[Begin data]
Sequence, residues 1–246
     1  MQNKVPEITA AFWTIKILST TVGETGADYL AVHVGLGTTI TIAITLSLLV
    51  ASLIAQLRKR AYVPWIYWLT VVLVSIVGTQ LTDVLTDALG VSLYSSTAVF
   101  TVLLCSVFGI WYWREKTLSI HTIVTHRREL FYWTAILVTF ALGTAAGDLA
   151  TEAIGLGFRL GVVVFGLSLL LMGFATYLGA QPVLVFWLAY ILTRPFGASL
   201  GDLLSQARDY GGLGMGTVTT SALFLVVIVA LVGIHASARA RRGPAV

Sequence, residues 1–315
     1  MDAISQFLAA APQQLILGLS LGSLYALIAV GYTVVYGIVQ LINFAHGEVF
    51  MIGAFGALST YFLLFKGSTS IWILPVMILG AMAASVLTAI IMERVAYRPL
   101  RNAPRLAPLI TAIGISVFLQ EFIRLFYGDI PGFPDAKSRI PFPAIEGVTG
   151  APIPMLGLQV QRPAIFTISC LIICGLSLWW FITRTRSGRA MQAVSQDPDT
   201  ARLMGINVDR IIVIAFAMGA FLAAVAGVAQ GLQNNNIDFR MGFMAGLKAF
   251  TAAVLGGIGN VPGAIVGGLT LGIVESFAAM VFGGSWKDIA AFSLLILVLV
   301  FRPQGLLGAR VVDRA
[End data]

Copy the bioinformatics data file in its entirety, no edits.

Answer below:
Sequence, residues 1–246
     1  MQNKVPEITA AFWTIKILST TVGETGADYL AVHVGLGTTI TIAITLSLLV
    51  ASLIAQLRKR AYVPWIYWLT VVLVSIVGTQ LTDVLTDALG VSLYSSTAVF
   101  TVLLCSVFGI WYWREKTLSI HTIVTHRREL FYWTAILVTF ALGTAAGDLA
   151  TEAIGLGFRL GVVVFGLSLL LMGFATYLGA QPVLVFWLAY ILTRPFGASL
   201  GDLLSQARDY GGLGMGTVTT SALFLVVIVA LVGIHASARA RRGPAV

Sequence, residues 1–315
     1  MDAISQFLAA APQQLILGLS LGSLYALIAV GYTVVYGIVQ LINFAHGEVF
    51  MIGAFGALST YFLLFKGSTS IWILPVMILG AMAASVLTAI IMERVAYRPL
   101  RNAPRLAPLI TAIGISVFLQ EFIRLFYGDI PGFPDAKSRI PFPAIEGVTG
   151  APIPMLGLQV QRPAIFTISC LIICGLSLWW FITRTRSGRA MQAVSQDPDT
   201  ARLMGINVDR IIVIAFAMGA FLAAVAGVAQ GLQNNNIDFR MGFMAGLKAF
   251  TAAVLGGIGN VPGAIVGGLT LGIVESFAAM VFGGSWKDIA AFSLLILVLV
   301  FRPQGLLGAR VVDRA